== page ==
In wrist joint replacement surgery, the damaged areas of the wrist bones are removed and replaced with artificial components. The damaged areas are removed with the help of trauma implant.
The wrist is a more complicated joint than the knee or the hip. On the hand side of the wrist, there are two rows of bones at the hand’s base. There are four bones in each row. The bones in these rows are known as carpals. The long thin bones of the hand radiate out from one row of carpals and form the basis of the thumb and finger.
The ulna and the radius are the two bones of the forearm that form a joint with the first row of carpals.
The ends of the bones are covered with an elastic tissue, known as cartilage. Cartilage creates a slick surface that enables the bones to move smoothly when they move against one another.
If the cartilage is worn away or damaged by infection, injury, or disease, the bones themselves will rub against each other, wearing out the ends of the bones. This causes an arthritic, painful condition.
Osteoarthritis is the most common form of arthritis that results from a gradual wearing away of the cartilage covering on bones.
Rheumatoid arthritis of the wrist and hand. There are various orthopedic implants used in the surgery that can be obtained from orthopedic implant exporters.
Rheumatoid arthritis is a chronic inflammatory disease of the joints that results in pain, swelling, and stiffness. Rheumatoid arthritis generally affects several joints on both the left and right sides of the body.
Both forms of arthritis may affect the strength of the hand and fingers, making it difficult to grip or pinch.
The typical candidate for wrist replacement surgery has severe arthritis but doesn’t need to use the wrist to meet heavy demands in everyday use. The main reasons for wrist replacement surgery are to relieve pain and to maintain function in the hand and wrist. Orthopedic devices are an important part of the wrist replacement surgery as without its use surgery is not possible. There are various orthopedic instrument manufacturers from whom these devices can be accessible.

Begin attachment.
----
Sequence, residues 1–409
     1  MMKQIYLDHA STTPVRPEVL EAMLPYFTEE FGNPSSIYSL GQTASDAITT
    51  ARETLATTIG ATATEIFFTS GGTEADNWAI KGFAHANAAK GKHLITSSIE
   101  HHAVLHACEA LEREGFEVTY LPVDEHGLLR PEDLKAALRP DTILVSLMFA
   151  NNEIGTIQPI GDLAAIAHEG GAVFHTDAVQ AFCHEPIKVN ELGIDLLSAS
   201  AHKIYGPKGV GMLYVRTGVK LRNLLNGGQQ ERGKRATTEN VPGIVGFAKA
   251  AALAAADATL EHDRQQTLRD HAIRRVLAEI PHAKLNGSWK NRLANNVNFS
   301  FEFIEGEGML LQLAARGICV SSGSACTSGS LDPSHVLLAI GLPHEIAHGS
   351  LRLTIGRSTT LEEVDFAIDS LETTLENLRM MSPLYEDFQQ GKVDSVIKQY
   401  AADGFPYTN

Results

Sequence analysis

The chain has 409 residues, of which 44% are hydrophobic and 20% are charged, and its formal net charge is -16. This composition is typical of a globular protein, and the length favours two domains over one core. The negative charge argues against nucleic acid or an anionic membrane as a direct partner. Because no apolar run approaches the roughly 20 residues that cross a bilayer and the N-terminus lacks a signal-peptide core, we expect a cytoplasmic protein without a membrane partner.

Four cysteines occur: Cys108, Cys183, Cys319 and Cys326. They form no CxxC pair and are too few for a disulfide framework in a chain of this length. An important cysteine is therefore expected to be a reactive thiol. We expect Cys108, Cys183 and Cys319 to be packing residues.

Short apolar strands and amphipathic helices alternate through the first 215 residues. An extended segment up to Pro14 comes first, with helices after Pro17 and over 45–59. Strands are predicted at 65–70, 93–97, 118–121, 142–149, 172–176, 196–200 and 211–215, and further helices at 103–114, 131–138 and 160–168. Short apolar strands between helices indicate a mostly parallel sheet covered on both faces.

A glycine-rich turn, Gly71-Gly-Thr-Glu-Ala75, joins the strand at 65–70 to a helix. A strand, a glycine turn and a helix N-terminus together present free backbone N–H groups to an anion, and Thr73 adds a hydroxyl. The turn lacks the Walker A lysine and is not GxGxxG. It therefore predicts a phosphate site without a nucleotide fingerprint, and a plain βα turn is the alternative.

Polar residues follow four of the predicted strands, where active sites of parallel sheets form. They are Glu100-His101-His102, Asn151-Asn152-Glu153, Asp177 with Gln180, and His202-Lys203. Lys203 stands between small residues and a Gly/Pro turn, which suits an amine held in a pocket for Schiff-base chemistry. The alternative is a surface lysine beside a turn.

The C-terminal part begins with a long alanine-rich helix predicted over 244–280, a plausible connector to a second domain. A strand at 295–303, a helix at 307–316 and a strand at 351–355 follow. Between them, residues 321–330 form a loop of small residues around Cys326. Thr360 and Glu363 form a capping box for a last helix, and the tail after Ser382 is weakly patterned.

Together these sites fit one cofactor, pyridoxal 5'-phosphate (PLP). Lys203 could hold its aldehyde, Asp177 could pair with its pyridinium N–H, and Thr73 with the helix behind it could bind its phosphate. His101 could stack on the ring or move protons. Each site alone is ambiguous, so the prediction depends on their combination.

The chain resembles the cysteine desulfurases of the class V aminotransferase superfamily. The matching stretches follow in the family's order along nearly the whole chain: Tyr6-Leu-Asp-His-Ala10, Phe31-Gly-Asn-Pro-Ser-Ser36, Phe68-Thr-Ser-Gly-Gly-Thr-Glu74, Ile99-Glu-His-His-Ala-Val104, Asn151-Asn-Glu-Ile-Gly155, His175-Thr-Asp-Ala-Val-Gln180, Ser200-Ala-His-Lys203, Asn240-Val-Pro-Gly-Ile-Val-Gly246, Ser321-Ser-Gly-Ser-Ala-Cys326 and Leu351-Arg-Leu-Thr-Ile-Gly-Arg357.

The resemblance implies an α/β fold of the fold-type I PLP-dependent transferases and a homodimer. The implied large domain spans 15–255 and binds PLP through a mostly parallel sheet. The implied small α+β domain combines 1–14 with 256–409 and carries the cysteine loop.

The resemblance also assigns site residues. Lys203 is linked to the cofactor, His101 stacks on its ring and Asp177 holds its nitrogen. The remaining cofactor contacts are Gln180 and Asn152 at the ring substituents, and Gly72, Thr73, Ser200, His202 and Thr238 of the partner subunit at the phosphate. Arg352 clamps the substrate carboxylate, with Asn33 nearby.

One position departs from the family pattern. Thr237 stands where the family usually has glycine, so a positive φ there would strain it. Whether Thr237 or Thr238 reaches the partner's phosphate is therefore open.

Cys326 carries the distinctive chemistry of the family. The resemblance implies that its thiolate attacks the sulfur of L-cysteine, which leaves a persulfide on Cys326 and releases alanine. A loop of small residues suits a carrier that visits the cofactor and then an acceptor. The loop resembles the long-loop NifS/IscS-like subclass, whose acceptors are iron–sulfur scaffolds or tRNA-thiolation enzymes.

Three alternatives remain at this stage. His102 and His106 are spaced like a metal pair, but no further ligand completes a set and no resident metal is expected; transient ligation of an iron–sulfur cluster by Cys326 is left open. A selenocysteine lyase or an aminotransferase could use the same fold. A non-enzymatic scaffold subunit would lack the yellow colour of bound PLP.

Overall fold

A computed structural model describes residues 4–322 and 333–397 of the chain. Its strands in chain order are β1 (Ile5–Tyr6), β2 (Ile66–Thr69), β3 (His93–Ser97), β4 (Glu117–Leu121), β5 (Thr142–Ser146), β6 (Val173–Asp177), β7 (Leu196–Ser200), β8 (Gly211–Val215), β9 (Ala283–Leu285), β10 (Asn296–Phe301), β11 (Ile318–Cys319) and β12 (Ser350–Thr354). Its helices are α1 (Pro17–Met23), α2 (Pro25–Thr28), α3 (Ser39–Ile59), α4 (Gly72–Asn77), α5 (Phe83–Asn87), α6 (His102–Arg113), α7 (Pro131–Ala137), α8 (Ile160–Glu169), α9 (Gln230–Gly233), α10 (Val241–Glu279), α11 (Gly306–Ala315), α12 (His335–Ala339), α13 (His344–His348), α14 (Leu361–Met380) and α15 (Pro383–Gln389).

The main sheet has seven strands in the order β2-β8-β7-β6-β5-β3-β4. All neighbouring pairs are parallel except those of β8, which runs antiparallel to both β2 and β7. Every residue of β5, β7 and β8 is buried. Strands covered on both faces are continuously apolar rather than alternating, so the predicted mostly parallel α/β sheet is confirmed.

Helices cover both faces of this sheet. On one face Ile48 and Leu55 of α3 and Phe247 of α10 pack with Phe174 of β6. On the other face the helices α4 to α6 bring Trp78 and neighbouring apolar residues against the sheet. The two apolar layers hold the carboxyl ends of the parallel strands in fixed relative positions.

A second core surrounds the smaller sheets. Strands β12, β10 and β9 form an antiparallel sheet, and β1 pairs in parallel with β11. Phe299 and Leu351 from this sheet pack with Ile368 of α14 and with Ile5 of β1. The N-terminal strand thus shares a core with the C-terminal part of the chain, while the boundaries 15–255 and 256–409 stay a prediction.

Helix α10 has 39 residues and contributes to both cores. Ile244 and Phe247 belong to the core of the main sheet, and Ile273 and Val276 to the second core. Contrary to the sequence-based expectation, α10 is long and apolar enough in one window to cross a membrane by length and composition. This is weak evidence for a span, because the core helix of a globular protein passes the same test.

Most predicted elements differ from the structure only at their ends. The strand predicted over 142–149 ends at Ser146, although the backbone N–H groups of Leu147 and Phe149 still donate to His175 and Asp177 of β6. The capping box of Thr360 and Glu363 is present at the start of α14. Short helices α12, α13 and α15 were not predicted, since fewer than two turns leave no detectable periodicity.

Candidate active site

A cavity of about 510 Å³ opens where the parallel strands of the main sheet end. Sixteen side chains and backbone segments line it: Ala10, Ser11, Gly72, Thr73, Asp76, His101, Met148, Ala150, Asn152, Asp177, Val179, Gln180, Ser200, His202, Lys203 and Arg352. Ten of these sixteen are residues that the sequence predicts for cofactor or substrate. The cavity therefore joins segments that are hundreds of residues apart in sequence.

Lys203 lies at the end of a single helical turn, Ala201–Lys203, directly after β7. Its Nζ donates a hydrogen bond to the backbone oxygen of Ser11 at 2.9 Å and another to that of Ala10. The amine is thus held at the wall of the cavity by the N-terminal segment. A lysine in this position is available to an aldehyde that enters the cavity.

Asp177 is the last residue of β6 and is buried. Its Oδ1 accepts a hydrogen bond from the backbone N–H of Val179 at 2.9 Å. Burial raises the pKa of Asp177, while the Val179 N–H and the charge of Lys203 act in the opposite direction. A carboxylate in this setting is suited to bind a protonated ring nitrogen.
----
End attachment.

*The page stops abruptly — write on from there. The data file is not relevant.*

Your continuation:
Wrist replacement surgery may help recover or retain wrist motions. It may also improve the ability to perform daily routine activities, especially if there is arthritis in the shoulder and elbow. During any total joint replacement, the worn-out ends of the bones are removed and replaced by an artificial joint (prosthesis) with the help of orthopedic devices.
In some cases, fusing the bones of the wrist together will eliminate or reduce pain and improve grip strength. However, the wrist will not be able to bend, if the bones are fused together.
There are several different types of orthopedic implants. Most have two components, one for each side of the joint. These components are manufactured using metal. A high-quality plastic, called polythene, is used as a spacer between the two metal components. Newer orthopedic implants for hand surgery designs try to replicate the anatomy of the wrist.
One component is inserted into the radius of the forearm. The part of this component that faces into the wrist joint has a curve that fits a second component placed in the wrist side. The component that inserts into the hand bone (the carpal component) has a plain surface that faces the first component. It inserts into a carpal bone through two shorter stems or one long stem. A plastic spacer fits between the components in the joint. Spacers come in different sizes so that they can match the hand. A spacer is generally flat on one side and rounded on the other. This design enables it to fit the carpal component while it rocks on the radial component, creating a more natural motion of the wrist.